We founded Visual Legacy Productions in order to tell your story and provide a way for you to share it with future generations. It is our desire that our brand name will be more than just a company providing a service. Our videos are memorials, adventures, miracle-stories, and histories—bridges from the storyteller to the audience. The greatest stories are true stories, for they reach into our hearts and inspire.
In addition to a skilled team, Visual Legacy Productions uses state-of-the-art equipment to capture and record the moment. Professional sound, lighting and video are enhanced by engaging presentation through editing, graphics and music.
A Family Business
Family is important to us at Visual Legacy Productions. That’s why working for other families is such a joy! Our individual experiences and talents bring a mix of skills to each production. Most importantly, we share the core values and philosophy of valuing each person in a professional but relaxed setting.
Founder, Bryan Boorujy, has been in the media and documentary business for over 30 years. His experience and heart for telling stories provide invaluable know-how and creativity for each project and has taken him to over 40 countries. Examples of Bryan’s previous work include Steven Spielberg’s Survivors of the Shoah (Holocaust) project, ESPN, Fox Sports, TBS, NASA, History International, Rachel’s Challenge, YWAM, Greater Europe Mission, Make a Wish Foundation, BASE Institute, etc.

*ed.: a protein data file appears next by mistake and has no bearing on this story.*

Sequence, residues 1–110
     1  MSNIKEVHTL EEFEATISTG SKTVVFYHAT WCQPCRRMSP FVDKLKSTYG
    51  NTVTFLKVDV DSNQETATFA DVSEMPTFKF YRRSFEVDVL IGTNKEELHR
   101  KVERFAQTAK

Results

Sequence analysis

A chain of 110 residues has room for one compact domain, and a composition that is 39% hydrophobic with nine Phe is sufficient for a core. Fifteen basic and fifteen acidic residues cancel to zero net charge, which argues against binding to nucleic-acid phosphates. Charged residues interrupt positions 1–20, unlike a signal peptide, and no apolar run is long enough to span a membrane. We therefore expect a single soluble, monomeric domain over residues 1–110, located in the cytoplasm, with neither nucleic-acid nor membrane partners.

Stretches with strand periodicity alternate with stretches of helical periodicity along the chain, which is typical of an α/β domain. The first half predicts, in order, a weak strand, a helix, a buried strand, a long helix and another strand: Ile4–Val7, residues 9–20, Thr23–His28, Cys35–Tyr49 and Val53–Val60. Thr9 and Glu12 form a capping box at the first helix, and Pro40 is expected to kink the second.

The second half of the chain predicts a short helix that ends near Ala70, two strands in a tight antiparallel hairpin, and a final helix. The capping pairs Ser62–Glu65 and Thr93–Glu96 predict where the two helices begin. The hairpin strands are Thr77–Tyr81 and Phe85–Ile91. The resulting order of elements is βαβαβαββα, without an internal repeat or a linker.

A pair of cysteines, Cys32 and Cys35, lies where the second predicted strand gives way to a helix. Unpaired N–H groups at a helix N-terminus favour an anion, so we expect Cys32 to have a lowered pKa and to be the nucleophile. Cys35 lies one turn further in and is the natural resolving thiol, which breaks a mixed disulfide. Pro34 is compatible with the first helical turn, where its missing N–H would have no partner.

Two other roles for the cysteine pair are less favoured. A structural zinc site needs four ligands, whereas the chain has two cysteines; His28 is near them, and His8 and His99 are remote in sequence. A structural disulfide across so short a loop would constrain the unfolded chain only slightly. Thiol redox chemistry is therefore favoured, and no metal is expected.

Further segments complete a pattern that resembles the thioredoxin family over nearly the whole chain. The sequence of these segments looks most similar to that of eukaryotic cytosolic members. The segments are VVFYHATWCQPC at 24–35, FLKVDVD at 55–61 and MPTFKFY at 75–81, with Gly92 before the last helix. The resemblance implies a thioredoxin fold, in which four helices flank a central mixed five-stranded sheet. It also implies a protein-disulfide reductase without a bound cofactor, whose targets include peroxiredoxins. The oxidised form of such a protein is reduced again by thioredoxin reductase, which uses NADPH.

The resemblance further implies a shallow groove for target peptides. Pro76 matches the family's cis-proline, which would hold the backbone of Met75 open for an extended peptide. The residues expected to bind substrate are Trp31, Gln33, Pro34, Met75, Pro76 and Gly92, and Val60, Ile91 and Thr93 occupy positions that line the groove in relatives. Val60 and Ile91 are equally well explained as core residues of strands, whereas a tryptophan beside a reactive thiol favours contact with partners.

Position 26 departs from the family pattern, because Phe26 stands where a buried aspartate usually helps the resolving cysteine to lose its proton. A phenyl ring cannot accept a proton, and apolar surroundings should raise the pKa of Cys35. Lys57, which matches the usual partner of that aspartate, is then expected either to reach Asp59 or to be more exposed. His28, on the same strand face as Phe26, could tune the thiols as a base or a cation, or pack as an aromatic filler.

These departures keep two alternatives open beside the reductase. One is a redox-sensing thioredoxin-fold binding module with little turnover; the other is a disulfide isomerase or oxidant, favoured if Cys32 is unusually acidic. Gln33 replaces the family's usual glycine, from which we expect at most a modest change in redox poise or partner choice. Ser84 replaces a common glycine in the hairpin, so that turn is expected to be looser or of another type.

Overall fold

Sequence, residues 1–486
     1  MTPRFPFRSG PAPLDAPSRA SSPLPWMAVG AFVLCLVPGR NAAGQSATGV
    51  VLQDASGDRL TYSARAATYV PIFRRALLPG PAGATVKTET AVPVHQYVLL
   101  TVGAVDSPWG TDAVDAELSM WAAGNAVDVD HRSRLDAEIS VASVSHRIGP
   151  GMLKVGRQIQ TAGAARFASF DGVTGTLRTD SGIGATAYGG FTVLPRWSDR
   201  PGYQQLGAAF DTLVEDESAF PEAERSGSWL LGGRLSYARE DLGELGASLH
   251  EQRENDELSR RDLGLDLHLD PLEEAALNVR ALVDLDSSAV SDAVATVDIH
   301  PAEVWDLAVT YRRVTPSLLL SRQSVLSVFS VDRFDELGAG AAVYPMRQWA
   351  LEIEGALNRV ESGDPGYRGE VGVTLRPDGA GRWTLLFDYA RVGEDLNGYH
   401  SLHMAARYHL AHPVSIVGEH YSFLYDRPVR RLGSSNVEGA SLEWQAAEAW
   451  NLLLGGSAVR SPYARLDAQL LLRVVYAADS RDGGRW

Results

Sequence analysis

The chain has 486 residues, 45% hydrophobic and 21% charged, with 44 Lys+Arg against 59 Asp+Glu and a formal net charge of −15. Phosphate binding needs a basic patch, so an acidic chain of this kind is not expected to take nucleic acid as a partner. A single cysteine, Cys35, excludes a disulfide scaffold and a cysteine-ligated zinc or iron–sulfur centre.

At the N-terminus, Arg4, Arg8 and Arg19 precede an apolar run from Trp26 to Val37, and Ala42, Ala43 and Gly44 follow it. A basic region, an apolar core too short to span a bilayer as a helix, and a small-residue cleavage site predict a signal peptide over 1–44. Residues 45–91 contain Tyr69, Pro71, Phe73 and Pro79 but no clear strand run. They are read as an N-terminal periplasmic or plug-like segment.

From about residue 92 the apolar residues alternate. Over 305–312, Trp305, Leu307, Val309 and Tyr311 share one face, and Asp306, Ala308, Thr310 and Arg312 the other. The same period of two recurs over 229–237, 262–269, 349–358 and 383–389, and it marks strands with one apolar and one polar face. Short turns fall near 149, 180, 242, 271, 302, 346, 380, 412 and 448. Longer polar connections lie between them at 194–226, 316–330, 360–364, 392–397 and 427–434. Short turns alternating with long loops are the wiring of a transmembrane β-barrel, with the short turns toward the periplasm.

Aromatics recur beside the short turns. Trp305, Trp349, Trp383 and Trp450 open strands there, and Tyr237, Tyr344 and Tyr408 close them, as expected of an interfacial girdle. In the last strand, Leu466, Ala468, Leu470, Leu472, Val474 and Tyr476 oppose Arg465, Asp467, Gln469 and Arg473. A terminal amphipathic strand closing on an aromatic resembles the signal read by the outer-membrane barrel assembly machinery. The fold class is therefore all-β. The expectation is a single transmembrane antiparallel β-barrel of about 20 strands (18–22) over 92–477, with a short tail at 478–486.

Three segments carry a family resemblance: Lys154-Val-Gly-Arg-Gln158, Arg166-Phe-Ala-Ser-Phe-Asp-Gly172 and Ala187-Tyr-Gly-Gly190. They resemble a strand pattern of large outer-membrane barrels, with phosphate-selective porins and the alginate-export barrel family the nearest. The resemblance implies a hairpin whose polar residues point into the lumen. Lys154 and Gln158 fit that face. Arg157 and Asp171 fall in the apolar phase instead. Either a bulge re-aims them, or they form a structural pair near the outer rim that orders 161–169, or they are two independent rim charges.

Working alongside Bryan are his wife, Nancy, and daughter, Erika. Nancy has been involved in production, camera makeup, and administration. Erika, having grown up in a media production environment, is a natural storyteller and loves producing documentaries. Before starting Visual Legacy Productions, all three were involved in the production for two seasons of the satellite television series Gutsy Christianity.
The inspiration for starting Visual Legacy Productions was partly from recording numerous Holocaust survivor stories but also from a family reunion that Bryan attended. On a whim, he brought his video production equipment. He was able to sit down with his Aunt Mamie, the first family member born in America, and record her amazing recollections. Two months after the reunion, she passed away. It was then he realized how incredibly important it was to have her stories memorialized for the rest of the family.